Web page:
Video:Drugs Used to Treat Thyroid Conditionswith Dr. Mary Ann Block
Certain drugs are commonly used to treat thyroid conditions. Watch this video from About.com to learn all about the options.See Transcript
Transcript:Drugs Used to Treat Thyroid Conditions
Hi, I'm Dr. Mary Ann Block, Physician, Author and Medical Director of The Block Center in Dallas/Fort Worth. I'm here for About.com. In this video, I'll talk about the drugs often used to treat thyroid conditions.
Drugs For Treating Thyroid Conditions
Let's start with drugs commonly used to treat hypothyroidism. When your thyroid is not producing enough hormones, you can take thyroid hormone replacement medications. The most commonly prescribed drug is levothyroxine, a synthetic form of the thyroid hormone thyroxine, also known as T4. It's usually taken orally, on a daily basis. Liothyronine is another medication for hypothyroidism. It's available both in a manufactured form (Cytomel), and as generic liothyronine. Liothyronine is a synthetic form of the T3 thyroid hormone.
More Drugs For Treating Thyroid Conditions
And Liotrix is a combination of both the T3 and T4 hormone - it's available in manufactured form known as ‘Thyrolar.' And then there ‘s desiccated thyroid, made from dried pig thyroid. It was used a lot in the early 1900's, before the use of levothyroxine. But dessicated thyroid is becoming more popular nowadays, with holistically-oriented physicians who believe in a more natural approach. Now, let's take a look at common drugs used for hyperthyroidism. When your thyroid produces too many hormones, you can take drugs to reduce or eliminiate thyroid hormone production.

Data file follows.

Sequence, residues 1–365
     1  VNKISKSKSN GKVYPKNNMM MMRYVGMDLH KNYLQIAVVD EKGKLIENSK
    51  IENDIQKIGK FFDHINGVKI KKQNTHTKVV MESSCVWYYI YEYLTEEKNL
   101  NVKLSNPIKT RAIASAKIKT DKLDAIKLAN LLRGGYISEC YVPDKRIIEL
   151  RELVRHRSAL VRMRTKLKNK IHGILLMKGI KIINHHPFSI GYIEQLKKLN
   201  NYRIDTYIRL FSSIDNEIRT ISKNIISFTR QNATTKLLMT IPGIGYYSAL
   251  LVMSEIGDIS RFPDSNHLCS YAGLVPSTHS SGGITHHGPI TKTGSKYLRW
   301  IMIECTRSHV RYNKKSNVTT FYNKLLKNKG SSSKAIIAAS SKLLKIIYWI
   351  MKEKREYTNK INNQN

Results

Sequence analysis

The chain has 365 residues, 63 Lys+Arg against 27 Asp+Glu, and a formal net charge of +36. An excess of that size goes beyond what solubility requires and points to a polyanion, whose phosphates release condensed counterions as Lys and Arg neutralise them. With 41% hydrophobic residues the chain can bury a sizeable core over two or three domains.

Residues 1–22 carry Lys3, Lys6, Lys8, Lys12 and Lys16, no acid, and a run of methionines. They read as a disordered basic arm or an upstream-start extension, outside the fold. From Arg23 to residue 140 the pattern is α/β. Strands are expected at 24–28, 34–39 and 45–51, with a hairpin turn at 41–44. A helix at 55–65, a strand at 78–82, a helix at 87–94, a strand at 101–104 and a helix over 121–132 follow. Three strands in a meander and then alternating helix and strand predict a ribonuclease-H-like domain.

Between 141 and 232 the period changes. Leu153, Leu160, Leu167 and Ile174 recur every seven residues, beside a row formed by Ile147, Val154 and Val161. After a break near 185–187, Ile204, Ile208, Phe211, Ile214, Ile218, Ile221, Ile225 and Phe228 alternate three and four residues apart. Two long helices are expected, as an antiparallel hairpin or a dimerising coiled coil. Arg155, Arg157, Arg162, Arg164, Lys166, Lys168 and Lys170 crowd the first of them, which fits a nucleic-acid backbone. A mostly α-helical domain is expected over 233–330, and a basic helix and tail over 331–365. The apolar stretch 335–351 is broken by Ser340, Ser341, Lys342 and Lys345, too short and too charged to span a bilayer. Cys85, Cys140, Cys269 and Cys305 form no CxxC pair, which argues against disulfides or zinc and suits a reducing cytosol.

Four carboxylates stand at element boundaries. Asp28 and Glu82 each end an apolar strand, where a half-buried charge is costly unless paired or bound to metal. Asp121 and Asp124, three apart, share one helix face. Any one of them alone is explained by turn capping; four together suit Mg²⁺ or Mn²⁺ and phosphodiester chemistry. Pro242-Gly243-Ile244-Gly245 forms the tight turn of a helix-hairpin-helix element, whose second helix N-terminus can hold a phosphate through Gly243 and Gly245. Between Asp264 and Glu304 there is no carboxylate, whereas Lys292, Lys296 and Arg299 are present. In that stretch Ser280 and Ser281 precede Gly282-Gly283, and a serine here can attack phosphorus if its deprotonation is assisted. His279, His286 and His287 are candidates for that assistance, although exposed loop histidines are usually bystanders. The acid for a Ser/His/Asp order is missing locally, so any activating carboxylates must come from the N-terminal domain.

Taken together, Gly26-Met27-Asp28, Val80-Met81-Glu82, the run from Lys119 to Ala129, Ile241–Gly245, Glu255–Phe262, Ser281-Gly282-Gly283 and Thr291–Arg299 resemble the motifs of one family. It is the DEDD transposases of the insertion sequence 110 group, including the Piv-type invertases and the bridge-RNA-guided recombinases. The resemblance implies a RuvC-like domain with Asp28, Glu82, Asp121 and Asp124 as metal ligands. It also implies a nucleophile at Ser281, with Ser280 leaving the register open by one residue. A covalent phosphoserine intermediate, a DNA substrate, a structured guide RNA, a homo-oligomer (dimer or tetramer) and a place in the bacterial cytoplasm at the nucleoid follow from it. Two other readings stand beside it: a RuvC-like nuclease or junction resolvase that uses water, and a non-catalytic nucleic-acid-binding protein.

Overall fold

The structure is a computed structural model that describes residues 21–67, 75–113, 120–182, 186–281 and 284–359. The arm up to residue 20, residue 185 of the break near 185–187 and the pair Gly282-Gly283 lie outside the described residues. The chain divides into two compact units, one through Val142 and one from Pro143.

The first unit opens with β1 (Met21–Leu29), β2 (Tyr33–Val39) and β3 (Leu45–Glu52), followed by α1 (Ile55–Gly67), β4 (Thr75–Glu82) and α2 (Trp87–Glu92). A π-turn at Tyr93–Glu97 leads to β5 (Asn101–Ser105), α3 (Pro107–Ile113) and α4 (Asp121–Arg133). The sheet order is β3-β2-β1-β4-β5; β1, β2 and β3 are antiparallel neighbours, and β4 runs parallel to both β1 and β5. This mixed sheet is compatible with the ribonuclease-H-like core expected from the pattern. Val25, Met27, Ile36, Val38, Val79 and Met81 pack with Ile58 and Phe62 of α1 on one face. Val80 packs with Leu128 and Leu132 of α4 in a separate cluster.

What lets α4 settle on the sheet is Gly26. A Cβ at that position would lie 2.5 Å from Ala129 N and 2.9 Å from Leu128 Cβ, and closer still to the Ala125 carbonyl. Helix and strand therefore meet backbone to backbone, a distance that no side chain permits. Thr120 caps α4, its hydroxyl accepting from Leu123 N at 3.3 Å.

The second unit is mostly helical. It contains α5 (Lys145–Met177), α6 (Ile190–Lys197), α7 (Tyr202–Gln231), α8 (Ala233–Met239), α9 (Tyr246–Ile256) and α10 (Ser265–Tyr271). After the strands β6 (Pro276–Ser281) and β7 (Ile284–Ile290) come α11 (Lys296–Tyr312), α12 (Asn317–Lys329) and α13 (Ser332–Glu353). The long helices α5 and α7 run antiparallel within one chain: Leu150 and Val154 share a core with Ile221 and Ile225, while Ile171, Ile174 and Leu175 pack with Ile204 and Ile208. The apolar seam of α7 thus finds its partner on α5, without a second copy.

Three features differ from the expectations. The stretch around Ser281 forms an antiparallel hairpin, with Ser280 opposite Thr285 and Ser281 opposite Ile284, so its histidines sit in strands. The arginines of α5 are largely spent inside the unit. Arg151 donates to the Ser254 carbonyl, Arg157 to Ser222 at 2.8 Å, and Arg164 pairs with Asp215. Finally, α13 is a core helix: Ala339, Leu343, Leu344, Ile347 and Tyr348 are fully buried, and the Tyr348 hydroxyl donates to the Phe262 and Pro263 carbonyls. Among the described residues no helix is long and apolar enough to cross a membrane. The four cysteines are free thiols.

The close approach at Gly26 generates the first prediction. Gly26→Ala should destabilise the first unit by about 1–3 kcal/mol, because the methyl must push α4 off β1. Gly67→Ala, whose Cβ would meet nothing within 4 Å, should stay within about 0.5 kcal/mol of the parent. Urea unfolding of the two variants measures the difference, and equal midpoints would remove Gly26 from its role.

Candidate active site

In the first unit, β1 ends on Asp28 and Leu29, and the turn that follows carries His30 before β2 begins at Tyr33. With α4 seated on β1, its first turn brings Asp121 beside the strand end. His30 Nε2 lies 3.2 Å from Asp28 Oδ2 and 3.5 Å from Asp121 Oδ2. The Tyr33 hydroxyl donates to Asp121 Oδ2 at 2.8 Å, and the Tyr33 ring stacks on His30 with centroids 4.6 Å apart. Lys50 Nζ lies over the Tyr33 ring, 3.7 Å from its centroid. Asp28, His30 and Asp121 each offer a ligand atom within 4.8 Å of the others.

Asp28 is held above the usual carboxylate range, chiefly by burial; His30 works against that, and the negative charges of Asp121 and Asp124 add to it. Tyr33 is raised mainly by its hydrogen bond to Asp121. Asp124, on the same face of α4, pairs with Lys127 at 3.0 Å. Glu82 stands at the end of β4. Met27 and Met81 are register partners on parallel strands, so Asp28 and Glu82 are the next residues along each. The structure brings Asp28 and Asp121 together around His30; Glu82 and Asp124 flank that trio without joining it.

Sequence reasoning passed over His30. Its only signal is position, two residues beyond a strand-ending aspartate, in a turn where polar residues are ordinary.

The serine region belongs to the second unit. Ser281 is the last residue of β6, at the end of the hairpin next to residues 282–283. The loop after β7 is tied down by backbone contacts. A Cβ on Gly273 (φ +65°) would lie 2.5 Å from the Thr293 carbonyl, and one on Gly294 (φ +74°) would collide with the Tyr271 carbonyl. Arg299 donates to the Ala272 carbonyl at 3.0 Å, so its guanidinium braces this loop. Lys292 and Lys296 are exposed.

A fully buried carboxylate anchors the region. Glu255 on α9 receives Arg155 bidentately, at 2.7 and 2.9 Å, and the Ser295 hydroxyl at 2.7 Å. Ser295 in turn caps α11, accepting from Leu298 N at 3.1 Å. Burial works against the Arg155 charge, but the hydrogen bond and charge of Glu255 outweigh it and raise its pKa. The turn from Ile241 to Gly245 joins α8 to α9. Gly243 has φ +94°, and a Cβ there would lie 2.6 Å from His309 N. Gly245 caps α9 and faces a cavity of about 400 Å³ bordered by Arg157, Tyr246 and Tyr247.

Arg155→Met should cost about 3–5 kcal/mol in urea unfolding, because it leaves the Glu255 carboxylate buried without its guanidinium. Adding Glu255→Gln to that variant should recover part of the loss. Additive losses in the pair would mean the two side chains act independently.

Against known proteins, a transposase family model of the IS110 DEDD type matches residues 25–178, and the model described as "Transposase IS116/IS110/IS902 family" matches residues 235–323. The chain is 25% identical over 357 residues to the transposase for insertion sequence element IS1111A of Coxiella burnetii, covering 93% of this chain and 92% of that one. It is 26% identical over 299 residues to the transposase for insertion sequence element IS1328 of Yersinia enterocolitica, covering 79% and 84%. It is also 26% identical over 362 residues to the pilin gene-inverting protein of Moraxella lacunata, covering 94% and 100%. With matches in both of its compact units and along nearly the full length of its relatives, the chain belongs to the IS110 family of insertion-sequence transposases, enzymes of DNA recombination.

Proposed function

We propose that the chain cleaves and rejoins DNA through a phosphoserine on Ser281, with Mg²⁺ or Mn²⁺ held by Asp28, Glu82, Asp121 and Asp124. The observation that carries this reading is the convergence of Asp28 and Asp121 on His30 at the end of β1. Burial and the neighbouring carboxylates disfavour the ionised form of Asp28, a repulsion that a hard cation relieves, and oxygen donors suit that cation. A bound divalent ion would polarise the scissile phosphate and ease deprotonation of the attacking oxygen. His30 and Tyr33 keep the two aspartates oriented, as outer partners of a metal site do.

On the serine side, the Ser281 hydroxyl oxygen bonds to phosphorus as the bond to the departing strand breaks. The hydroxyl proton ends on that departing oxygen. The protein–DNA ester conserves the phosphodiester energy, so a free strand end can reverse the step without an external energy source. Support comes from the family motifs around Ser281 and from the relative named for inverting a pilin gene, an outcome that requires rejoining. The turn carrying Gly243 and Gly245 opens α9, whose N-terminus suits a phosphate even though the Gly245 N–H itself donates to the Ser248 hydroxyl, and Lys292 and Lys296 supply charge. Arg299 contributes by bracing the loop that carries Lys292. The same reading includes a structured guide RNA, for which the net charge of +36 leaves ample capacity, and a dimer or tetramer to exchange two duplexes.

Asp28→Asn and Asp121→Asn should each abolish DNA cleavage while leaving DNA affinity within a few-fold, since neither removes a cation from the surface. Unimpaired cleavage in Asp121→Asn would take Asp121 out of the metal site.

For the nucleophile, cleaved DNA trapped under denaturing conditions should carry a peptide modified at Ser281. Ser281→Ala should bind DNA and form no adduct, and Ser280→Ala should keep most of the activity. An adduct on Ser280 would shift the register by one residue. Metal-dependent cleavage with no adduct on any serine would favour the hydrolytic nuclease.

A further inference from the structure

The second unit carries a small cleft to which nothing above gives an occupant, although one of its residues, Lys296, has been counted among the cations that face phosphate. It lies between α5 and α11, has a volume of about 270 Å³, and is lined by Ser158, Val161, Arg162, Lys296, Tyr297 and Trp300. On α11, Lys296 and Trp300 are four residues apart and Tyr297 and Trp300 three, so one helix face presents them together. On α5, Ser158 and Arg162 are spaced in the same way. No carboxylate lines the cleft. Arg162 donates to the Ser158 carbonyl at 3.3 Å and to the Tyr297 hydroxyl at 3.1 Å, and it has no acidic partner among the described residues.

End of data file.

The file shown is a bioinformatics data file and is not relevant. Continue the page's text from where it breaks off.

Other Drugs For Treating Thyroid Conditions
Propylthiouracil, also known as PTU, and methimazole, also known as Tapazole - are two medications that stop the thyroid from producing T3 and T4 hormones. You usually have o take the medication for at least 1 year. Antithyroid medicine does not permanently damage your thyroid gland. That's not the case with radioactive iodine therapy - another way of reducing thyroid hormone production. It gradually shrinks and kills your thyroid.
Since thyroid cells are the only cells in the body that can absorb iodine - this medication effectively attacks only the thyroid cells. Radioiodine usually can be taken by mouth, at home. It usually takes one to two months before all thyroid cells have been killed. For more on thyroid conditions and medications, go to Health.About.com.
Thanks for watching!